Sigler said he has tried to find an after-school job, "but they don't have no jobs around here. I could get one in Woodbridge, but I got no way to get there."

Mike Clark has heard the refrain many times.

"The kids are bored. They really don't know what to do with themselves. And the parents here are under a lot of pressure, commuting, working two jobs. A lot of the kids are left to fend for themselves, and they don't really know how," he said.

Clark told of civic center regulars who "shoot off .32s in the parking lot, just to be big," and who drink and use drugs. One young man severely beat Clark with a pool cue in Clark's office earlier this year.

A cause of restlessness may be Prince William County's year-round school system.

Students are at school for nine weeks, then off for three, 12 months a year. As a result, many young people have unwieldy chunks of time on their hands.

Three weeks is seldom long enough to take or get a part-time job. And time seldom "fits" with the vacation schedules of the rest of the family. In addition, truancy is at an all-time high, according to Sgt. Raymond Williams, commander of the county police's youth division at the Garfield substation.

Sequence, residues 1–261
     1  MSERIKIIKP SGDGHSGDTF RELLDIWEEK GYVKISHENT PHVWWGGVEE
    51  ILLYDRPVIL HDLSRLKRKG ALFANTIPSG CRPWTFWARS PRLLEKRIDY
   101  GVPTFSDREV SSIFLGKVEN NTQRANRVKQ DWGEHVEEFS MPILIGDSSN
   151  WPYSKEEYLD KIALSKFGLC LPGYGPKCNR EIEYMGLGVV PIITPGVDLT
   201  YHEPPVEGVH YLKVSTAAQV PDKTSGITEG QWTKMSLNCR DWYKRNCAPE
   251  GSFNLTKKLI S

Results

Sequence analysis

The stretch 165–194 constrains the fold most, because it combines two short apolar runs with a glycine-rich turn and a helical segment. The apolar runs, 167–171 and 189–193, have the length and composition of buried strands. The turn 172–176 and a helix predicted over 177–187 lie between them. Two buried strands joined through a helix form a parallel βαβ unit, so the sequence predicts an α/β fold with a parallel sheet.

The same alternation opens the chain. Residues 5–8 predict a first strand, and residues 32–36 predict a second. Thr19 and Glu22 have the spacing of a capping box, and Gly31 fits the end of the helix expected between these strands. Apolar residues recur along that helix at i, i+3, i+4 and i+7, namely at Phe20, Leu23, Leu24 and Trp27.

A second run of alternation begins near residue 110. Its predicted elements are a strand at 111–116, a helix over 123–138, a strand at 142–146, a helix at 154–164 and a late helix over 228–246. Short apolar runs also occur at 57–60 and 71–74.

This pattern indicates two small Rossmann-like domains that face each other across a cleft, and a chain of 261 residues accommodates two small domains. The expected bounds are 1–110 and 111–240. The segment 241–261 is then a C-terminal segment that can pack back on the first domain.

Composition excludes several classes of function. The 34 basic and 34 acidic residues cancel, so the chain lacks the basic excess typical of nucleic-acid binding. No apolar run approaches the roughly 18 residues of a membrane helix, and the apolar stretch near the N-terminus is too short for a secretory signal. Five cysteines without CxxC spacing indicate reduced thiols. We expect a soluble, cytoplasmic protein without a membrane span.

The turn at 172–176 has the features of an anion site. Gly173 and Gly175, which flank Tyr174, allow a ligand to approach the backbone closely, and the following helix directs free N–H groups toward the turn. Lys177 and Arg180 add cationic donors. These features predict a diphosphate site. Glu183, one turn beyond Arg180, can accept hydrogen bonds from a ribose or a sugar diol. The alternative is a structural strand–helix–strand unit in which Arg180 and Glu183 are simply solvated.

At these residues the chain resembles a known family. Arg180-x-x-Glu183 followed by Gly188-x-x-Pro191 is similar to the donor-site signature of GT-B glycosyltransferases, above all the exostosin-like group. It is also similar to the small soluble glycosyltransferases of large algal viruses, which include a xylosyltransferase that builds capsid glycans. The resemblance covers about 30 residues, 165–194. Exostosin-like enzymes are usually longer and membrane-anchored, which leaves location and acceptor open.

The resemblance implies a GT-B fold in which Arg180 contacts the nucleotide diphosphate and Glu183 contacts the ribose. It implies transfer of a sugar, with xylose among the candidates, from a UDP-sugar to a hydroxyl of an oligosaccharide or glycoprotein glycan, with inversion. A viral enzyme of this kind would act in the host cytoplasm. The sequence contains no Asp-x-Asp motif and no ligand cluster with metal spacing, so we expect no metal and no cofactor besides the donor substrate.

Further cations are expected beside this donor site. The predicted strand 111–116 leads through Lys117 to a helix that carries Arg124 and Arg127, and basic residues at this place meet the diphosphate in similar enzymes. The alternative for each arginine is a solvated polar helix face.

"But most of these kids are good," said Clark. "I feel it's a small percentage that's causing the problem."

Sgt. Williams agreed. "Maybe 10 or 20 kids are doing it," he said. "It's the same ones all the time. I've got files in here on some of the them that it takes both hands to hold." In general, however, Sgt. Williams said, Dale City's crime rates are "exactly the same as the rest of the county."

Will any of Dale City's problems change, or abate? No one in the city's equation thinks so.

The only certainty about the community's future is that it will grow - probably by about 500 units a year, according to Walvius. Meanwhile, said Clark, "Dale City is no longer a new community. It's got pluses and minuses . . . It's becoming just like everyplace else."